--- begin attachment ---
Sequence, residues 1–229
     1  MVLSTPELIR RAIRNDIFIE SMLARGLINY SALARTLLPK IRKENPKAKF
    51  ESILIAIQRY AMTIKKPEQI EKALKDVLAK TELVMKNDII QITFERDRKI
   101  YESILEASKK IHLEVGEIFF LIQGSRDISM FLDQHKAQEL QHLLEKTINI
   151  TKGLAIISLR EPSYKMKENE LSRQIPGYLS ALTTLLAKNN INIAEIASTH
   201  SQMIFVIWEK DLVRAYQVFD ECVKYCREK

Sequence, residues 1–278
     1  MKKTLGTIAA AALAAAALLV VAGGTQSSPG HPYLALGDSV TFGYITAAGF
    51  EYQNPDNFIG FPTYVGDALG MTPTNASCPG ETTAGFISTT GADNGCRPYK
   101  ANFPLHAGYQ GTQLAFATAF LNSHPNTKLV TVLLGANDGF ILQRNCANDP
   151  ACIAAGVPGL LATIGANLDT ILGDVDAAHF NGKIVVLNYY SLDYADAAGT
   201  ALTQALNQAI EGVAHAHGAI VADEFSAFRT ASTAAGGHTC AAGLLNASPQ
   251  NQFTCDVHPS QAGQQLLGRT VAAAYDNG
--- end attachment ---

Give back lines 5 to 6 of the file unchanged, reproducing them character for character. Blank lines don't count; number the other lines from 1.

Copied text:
   151  TKGLAIISLR EPSYKMKENE LSRQIPGYLS ALTTLLAKNN INIAEIASTH
   201  SQMIFVIWEK DLVRAYQVFD ECVKYCREK